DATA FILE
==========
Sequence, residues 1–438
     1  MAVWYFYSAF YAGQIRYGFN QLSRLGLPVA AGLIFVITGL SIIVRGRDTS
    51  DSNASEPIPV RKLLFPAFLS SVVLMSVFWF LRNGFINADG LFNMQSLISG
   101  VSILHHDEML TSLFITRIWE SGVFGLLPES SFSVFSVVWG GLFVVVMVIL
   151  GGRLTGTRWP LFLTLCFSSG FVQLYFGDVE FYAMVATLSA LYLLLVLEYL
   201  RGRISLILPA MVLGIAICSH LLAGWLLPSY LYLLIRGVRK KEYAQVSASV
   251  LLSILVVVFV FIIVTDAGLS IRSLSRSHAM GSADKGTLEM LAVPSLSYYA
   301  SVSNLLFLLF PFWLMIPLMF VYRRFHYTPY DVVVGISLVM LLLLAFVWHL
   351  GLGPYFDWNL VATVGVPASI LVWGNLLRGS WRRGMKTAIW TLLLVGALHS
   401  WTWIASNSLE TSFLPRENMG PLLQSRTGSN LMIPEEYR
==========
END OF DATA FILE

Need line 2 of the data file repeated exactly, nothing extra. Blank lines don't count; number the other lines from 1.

     1  MAVWYFYSAF YAGQIRYGFN QLSRLGLPVA AGLIFVITGL SIIVRGRDTS